20. ^ Fuller, Thomas (29 April 2016). "San Francisco Police Chief Releases Officers' Racist Texts". The New York Times. ISSN 0362-4331. Retrieved 8 May 2016.
  21. ^ Lee, Seung (3 May 2016). "Why #hungerforjusticeSF Shut Down San Francisco's Busiest Streets". Newsweek. Retrieved 3 May 2016.
  22. ^ Bever, Lindsey (27 April 2016). "'Barbarians': Report reveals racist texts sent from San Francisco police officer". The Washington Post. Retrieved 8 May 2016.
  23. ^ Elias, Paul (29 April 2016). "San Francisco chief releases racist texts, orders training". The Big Story. The Associated Press. Retrieved 8 May 2016.
  24. ^ Bay City News (5 May 2016). "San Francisco mayor speaks with hunger strikers by phone, stands by police chief and reform efforts". KRON-TV. Retrieved 8 May 2016.
  25. ^ Barros, Joe Rivano; Wenus, Laura (7 May 2016). "33 Arrests, Chaos as Supporters of Hunger Strikers and Sheriff's Deputies Clash at City Hall". Mission Local. Retrieved 8 May 2016.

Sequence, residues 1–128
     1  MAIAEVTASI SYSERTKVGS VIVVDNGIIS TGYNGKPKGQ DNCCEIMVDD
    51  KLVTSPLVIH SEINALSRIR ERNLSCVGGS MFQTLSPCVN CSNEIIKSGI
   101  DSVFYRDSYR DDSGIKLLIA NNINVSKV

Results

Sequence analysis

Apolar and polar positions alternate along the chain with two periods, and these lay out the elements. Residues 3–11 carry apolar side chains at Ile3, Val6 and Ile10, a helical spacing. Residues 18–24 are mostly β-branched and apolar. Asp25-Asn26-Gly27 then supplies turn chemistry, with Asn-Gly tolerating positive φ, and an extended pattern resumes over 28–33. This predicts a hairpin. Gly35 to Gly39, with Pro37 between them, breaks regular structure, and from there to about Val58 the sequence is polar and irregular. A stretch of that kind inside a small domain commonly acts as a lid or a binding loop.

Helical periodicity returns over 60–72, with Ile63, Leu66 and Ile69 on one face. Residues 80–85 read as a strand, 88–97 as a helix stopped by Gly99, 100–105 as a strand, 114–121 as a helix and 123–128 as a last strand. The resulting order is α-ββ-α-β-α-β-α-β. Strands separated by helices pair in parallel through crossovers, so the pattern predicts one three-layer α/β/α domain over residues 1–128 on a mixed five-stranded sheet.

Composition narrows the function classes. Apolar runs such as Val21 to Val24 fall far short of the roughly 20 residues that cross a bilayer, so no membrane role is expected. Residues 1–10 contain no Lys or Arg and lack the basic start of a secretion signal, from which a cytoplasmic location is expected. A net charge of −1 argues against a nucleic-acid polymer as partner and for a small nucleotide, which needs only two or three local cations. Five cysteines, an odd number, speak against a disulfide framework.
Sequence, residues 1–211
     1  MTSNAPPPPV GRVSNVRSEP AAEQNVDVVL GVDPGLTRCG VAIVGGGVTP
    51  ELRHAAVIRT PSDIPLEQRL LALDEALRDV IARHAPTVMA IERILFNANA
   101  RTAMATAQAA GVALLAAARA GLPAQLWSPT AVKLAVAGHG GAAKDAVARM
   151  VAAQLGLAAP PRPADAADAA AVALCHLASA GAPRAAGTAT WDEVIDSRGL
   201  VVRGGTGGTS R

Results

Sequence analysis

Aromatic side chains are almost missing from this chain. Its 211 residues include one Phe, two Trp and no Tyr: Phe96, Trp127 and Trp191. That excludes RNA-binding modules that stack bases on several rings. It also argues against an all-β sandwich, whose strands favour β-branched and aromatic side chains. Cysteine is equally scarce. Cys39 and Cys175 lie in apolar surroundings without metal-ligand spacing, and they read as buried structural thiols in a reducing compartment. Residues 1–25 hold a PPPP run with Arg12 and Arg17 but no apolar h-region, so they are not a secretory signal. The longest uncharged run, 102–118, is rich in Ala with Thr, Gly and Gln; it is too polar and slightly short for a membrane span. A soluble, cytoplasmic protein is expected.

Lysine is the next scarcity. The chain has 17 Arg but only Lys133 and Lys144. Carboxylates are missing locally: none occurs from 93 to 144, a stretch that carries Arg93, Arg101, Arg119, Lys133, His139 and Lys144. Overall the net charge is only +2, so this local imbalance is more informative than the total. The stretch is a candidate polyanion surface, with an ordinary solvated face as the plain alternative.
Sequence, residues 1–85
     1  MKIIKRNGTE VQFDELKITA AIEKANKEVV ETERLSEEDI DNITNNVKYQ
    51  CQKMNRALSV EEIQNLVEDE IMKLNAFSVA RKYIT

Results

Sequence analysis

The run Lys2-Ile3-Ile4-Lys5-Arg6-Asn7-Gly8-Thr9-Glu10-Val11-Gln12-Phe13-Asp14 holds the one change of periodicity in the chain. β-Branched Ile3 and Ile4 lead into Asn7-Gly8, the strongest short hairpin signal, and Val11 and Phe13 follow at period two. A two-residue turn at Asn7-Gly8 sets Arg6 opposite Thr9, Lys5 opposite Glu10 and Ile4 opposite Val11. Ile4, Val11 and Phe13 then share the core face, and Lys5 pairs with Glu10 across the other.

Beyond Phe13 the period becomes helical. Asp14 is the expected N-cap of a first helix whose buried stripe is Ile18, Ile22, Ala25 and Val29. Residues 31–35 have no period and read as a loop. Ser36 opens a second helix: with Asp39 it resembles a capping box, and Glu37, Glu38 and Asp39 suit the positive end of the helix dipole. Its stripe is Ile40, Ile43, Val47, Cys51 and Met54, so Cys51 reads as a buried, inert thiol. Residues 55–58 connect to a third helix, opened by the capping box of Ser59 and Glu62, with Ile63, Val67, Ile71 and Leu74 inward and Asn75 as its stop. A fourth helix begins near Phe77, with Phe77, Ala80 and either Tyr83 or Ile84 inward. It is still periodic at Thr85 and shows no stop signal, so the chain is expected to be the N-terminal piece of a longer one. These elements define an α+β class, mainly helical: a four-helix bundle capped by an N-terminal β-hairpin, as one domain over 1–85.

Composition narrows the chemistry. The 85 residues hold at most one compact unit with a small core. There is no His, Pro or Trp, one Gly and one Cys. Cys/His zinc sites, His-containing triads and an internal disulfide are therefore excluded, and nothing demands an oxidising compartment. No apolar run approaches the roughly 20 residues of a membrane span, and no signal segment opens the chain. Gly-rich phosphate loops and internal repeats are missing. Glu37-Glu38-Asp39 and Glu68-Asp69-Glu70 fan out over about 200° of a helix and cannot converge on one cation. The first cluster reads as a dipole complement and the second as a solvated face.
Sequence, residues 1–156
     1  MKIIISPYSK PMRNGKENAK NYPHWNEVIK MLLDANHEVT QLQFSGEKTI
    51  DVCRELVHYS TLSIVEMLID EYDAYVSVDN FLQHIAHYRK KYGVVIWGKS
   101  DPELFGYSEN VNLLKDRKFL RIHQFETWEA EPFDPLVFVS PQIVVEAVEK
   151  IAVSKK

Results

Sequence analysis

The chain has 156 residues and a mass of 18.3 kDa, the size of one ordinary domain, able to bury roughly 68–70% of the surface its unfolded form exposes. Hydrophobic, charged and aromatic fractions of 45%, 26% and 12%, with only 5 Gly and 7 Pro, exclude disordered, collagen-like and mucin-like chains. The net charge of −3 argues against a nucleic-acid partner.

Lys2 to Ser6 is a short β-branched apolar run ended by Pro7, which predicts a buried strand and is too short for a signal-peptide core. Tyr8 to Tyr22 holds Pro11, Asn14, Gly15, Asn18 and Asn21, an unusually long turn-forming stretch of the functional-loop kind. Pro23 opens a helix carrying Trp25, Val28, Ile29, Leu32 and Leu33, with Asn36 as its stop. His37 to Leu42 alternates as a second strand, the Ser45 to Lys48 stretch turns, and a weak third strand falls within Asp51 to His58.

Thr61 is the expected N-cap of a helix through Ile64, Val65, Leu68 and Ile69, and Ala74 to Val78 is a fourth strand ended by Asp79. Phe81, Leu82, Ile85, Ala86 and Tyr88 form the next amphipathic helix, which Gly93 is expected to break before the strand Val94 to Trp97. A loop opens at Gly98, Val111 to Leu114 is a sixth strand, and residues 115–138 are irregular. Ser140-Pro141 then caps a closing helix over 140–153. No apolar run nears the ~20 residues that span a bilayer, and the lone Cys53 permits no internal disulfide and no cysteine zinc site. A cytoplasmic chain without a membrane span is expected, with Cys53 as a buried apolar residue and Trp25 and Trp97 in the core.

26. ^ Sernoffsky, Evan; Allday, Erin; Aleaziz, Hamed (7 May 2016). "SF hunger strikers go to hospital — protesters arrested in clash with deputies". San Francisco Chronicle. Retrieved 8 May 2016.
  27. ^ McLaughlin, Michael (6 May 2016). "5 Hunger Strikers Hospitalized 16 Days Into Protest Against SF Police". The Huffington Post. Retrieved 8 May 2016.
  28. ^ Examiner Staff (7 May 2016). "'Frisco 5' protesters call off hunger strike". San Francisco Examiner. Retrieved 8 May 2016.
  29. ^ "#Frisco5 protest: US 'police racism' hunger strike ends in San Francisco". BBC News. 8 May 2016. Retrieved 10 May 2016.
  30. ^ Eskenazi, Joe (11 May 2016). "The Hunger Strike May Be Over, but the Conversation Around Police Violence Is Still Starved". San Francisco Magazine. Retrieved 11 May 2016.

External linksEdit